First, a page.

Cedar Point is my favorite amusement park anywhere. I’m already planning a trip for later this summer!

      Cedar Point is beyond amazing! There’s a reason it’s consistently voted one of the best amusement parks in the world – because it is!

    Great refresher about Ohio including some places I’d never even heard of. I went to high school in Lakewood, a suburb of Cleveland. I was one of these goofy kids asking people to sign the petition to get the Rock N Roll Hall of Fame in Cleveland. One day I’ll have to take my kids back there to see where Mama grew up. Gosh I forgot how big Cedar Point is. Thanks for the reminder about the joys of traveling in your own backyard.

    Cheers!
    J.

      Thanks for reading, J! And yes, Ohio can definitely surprise you sometimes with all it has to offer. I’ve lived here all my life, and I’ve barely scratched the surface.

      You should definitely take the kids to Cleveland someday (and be sure to stop in at the Rock Hall while you’re at it!).

    Great piece on Ohio. I’m there a lot living in lower Michigan and it has a lot to offer. Everything along Lake Erie is amazing, love the Lake Erie Circle Tour. I think I got to get to Cedar Point again soon! Working on exploring Michigan more, going to the touristy things and looking for diamonds in the rough. The summer is the perfect time to be around the Great Lakes.

      Thanks, Aaron! You’re totally right about Lake Erie (and all the great lakes) – it’s a great place to be in the summer!

      And good for you planning to explore Michigan a bit more. I’ll bet you’ll be surprised at some of the things you find.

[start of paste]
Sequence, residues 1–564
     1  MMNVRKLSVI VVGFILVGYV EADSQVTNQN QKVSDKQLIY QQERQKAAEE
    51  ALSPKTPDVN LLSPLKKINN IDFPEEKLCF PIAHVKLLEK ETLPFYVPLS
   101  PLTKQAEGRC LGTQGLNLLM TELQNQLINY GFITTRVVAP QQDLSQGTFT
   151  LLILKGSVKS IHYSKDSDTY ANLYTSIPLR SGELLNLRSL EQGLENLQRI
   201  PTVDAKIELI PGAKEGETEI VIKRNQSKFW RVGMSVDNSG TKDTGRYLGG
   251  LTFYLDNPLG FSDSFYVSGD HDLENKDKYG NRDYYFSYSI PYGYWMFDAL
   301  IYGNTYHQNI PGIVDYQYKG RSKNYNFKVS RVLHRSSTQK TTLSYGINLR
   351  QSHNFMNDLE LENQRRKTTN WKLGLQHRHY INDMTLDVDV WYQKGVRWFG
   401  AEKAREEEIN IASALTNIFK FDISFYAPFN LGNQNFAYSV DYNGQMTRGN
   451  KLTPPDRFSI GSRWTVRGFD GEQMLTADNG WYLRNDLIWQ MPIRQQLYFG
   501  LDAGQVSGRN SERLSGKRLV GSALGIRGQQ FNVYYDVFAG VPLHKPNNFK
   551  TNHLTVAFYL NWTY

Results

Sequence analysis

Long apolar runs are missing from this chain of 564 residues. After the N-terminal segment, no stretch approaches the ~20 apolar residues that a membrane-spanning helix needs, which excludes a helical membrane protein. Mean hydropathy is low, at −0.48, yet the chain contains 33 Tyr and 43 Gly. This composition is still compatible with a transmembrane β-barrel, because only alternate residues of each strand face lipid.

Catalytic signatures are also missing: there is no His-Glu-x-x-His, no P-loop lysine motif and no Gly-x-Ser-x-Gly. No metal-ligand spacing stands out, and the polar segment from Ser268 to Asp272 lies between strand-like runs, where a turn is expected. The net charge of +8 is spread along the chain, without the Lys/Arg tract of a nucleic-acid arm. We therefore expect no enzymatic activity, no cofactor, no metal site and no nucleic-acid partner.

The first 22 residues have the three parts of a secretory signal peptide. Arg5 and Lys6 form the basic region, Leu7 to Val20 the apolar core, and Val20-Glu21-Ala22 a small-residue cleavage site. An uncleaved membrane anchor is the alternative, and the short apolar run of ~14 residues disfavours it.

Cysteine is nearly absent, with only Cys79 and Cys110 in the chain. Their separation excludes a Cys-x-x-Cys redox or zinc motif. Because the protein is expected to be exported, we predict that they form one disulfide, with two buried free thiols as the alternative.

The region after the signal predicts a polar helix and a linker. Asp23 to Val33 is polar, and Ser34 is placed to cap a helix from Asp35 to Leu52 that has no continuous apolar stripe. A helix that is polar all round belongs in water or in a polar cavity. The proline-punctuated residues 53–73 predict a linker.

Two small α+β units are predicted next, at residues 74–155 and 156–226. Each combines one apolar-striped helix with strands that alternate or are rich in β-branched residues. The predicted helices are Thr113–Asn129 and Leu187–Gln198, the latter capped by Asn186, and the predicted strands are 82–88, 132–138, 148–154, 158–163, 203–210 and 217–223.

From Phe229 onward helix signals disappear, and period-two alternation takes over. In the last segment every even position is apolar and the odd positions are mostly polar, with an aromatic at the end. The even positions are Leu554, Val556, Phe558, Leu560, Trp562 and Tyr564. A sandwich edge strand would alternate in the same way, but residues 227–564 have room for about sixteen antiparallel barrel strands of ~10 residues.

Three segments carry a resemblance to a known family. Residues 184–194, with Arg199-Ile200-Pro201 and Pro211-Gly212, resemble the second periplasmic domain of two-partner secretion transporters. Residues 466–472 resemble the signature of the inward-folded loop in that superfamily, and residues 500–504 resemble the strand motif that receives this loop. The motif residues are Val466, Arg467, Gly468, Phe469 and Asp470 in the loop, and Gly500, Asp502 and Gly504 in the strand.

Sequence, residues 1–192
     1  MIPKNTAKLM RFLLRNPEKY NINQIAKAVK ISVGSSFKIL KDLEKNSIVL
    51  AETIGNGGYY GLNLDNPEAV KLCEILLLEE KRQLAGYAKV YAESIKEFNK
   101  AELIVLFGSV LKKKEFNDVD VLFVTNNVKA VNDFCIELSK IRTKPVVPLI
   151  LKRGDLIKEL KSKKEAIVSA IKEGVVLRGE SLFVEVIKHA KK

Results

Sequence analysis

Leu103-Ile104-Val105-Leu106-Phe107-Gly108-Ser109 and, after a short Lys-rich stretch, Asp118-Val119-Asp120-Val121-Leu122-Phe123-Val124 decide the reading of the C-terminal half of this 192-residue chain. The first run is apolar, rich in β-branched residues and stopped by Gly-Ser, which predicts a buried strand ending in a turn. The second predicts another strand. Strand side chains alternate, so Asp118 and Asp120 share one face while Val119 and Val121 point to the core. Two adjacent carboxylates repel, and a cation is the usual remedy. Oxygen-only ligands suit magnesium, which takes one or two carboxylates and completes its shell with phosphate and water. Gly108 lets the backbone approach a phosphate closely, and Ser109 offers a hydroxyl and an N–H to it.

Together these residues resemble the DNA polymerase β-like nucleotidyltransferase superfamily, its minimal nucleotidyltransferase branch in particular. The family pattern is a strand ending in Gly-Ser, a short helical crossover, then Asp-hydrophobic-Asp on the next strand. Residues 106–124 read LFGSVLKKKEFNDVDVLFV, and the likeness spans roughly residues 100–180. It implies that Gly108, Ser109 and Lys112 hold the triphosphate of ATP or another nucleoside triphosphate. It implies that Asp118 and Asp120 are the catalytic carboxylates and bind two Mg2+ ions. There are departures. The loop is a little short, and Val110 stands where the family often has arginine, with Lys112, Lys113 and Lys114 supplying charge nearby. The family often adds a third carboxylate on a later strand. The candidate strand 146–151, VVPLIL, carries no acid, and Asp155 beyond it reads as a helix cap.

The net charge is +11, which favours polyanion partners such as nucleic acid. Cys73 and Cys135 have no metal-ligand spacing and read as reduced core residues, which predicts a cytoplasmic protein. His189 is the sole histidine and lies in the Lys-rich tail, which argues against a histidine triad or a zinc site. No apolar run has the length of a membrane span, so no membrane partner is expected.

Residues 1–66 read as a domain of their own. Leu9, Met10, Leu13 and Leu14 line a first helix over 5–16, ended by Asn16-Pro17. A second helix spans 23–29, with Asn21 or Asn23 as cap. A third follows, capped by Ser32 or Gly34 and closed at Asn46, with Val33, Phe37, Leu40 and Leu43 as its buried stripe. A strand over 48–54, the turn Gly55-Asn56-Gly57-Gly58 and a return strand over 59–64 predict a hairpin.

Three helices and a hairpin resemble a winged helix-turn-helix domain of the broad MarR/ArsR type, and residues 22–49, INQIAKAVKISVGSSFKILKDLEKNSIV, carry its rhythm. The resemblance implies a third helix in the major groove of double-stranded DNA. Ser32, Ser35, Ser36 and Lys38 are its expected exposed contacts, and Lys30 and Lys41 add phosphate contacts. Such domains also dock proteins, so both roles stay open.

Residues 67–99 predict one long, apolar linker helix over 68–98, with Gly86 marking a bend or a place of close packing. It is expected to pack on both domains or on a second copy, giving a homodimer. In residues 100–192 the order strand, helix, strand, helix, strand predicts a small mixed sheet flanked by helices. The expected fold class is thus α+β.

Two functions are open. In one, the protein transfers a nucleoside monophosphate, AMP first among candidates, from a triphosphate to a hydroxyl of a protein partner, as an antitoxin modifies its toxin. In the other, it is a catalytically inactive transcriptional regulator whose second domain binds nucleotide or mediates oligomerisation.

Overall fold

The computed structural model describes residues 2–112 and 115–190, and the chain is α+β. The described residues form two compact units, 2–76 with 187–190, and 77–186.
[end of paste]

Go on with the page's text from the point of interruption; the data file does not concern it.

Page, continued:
Funny that I am from Ohio and have lived there most of my life but out of all the places you listed, I’ve only been to Cedar Point… and that was when I lived in Michigan 🙂

    Columbus is my stomping grounds, and I love it!

      Well it looks like maybe you need to make a trip to Northwest Ohio!! 😉

    When the family and I drove across the US in the mid 90’s, besides seeing the sights, we tasted milkshakes whenever we saw them on the menu. Our favorite one was from a stand in Youngstown were we got the chocolate, extra large and extra thick! Can not for the life of any of us remember the name, but that is still our greatest memory of Ohio:-).

      Whoo, Youngstown! That’s where I’m from. 🙂 Perhaps it was from a Handel’s ice cream shop? It’s probably the best ice cream in the state, and was started right in my hometown.

    I used to vacation in Sandusky, it is a great place for family with young children

      Totally agree! There’s a little bit of something for everyone.

    Kelley’s Island is another place we’d really like to go. We saw some glacial grooves on Gibraltar Island, but they were not nearly as evident as the grooves on Kelley!

      Yes, I’m hoping to make it back to Kelley’s later this summer!